Argentina's government on Wednesday re-privatized the management of most of the passenger railway lines serving the capital region, but under much stricter supervision.
Two of the commuter lines in Greater Buenos Aires - Mitre and San Martin - will be operated by Roggio, one of Argentina's largest infrastructure groups and the majority shareholder in Metrovias, which manages the Buenos Aires metro.
The Belgrano Sur and Roca lines will be operated by the Emepa group, according to a document signed by Interior and Transportation Minister Florencio Randazzo.
Emepa is part of the UGOFE consortium of Argentine companies the government created in 2005 after revoking the concession it awarded to the Metropolitano consortium in 1994 as part of a railway privatization.
The five lines were later placed under the management of the SOFSE state-owned company last year.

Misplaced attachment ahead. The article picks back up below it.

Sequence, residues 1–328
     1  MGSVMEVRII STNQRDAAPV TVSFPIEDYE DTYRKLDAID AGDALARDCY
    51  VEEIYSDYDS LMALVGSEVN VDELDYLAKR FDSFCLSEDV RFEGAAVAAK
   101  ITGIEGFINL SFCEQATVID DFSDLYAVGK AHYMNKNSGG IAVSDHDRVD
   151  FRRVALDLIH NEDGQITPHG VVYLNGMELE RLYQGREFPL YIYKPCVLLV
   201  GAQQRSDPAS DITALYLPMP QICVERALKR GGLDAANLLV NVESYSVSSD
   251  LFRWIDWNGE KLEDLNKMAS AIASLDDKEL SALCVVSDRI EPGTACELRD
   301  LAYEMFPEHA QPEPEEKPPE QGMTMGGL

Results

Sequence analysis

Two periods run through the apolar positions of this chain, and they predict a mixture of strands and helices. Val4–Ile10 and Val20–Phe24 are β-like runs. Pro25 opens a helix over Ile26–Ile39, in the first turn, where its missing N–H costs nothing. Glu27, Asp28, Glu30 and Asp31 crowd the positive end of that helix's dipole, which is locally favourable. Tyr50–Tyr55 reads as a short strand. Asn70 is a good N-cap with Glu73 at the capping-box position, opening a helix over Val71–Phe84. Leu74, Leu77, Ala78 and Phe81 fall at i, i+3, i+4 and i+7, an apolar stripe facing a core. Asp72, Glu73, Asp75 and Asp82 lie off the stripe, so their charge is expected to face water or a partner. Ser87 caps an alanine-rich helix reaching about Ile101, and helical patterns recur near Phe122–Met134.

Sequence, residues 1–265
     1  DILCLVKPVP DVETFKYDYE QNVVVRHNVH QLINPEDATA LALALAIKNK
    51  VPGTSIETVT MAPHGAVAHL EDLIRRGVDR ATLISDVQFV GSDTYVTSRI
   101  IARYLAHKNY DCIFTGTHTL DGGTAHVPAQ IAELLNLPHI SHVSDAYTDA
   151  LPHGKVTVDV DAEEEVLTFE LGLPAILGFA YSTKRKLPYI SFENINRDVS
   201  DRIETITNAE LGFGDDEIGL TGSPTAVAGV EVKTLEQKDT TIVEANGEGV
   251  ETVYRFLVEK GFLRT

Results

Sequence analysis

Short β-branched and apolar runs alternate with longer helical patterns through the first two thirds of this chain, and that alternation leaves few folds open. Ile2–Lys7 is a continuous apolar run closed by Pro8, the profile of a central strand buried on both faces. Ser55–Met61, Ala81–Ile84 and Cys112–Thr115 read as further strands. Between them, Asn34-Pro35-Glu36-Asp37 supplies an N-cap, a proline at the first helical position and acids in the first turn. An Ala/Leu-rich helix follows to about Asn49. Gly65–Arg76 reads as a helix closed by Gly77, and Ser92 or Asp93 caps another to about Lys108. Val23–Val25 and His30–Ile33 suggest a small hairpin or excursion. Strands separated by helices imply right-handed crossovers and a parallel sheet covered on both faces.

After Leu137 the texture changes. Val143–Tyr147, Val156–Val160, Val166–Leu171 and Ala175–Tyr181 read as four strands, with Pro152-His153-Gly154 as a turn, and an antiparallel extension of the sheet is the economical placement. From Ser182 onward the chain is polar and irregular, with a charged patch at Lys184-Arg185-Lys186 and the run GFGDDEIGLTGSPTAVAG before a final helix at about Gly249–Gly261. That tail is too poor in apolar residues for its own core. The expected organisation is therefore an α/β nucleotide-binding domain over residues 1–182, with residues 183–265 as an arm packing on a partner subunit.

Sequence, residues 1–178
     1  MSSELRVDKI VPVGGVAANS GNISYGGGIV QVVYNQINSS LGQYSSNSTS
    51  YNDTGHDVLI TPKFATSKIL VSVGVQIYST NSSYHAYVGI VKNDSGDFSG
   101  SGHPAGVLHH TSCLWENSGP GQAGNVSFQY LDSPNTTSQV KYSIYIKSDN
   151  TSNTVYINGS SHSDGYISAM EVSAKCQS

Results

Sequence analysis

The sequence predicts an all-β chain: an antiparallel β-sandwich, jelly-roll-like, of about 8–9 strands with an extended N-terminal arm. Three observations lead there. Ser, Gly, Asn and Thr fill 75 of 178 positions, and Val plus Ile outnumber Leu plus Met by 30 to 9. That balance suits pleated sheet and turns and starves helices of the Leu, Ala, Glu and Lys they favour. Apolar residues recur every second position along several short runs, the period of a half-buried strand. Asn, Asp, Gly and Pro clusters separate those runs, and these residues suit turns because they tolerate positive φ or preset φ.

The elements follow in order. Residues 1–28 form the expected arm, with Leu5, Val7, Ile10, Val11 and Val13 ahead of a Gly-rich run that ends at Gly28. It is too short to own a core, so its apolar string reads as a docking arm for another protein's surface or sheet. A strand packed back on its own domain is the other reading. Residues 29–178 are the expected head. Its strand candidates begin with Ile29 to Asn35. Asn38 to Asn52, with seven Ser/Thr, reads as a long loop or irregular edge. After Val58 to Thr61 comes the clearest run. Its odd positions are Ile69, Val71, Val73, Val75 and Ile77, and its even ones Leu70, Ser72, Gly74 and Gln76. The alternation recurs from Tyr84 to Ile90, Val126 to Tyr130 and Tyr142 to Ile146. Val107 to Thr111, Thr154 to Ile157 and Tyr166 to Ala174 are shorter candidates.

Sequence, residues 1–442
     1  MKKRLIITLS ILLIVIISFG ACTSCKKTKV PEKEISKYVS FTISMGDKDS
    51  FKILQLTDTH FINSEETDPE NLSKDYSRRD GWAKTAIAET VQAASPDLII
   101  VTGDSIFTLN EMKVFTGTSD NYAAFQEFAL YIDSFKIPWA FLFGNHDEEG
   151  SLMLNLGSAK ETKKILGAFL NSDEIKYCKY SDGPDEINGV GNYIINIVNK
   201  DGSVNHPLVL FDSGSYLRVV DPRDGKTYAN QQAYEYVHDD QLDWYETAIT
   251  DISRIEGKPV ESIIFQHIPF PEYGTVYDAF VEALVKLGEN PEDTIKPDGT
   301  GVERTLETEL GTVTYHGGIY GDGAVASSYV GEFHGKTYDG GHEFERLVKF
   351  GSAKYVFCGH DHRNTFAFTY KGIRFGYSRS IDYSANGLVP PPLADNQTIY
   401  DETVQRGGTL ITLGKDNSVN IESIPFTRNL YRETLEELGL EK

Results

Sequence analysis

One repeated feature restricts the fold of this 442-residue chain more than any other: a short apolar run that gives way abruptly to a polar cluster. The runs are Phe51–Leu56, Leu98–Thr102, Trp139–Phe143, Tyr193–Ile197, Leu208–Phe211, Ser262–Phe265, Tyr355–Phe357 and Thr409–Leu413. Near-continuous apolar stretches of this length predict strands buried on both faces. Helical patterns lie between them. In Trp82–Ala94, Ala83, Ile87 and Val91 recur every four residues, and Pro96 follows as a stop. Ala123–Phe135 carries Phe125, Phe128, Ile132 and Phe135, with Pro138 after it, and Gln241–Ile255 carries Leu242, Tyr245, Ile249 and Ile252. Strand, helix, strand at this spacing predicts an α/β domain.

The Sarmiento line, where accidents that have left 54 dead and hundreds injured over the past two years have occurred, will remain under state control.
"We've put in place a new operating regime that requires companies to present annual plans with respect to train frequency and maintenance, station cleaning and service quality," the minister said.
"In that regard, we've established a strict penalty regime that sanctions them in the event they do not meet these guidelines," including the revoking of concessions in the event of violations that put passengers' lives at risk, Randazzo said.
"At President Cristina (Fernandez de) Kirchner's request, we're undertaking an ambitious plan to renovate the metro area trains, which includes the arrival of more than 1,000 new cars this year and a major investment in infrastructure," the minister added.
In February 2012, 51 people died and more than 700 others were injured on the Sarmiento line when a train slammed through the buffers at Buenos Aires' busy Once station.
Sixteen months later, a passenger train collided with another train, which was empty at the time, on the capital's western outskirts. That accident, also on the Sarmiento line, left three dead and more than 300 injured.
Argentina's most recent railway crash occurred in November and left 80 people injured. EFE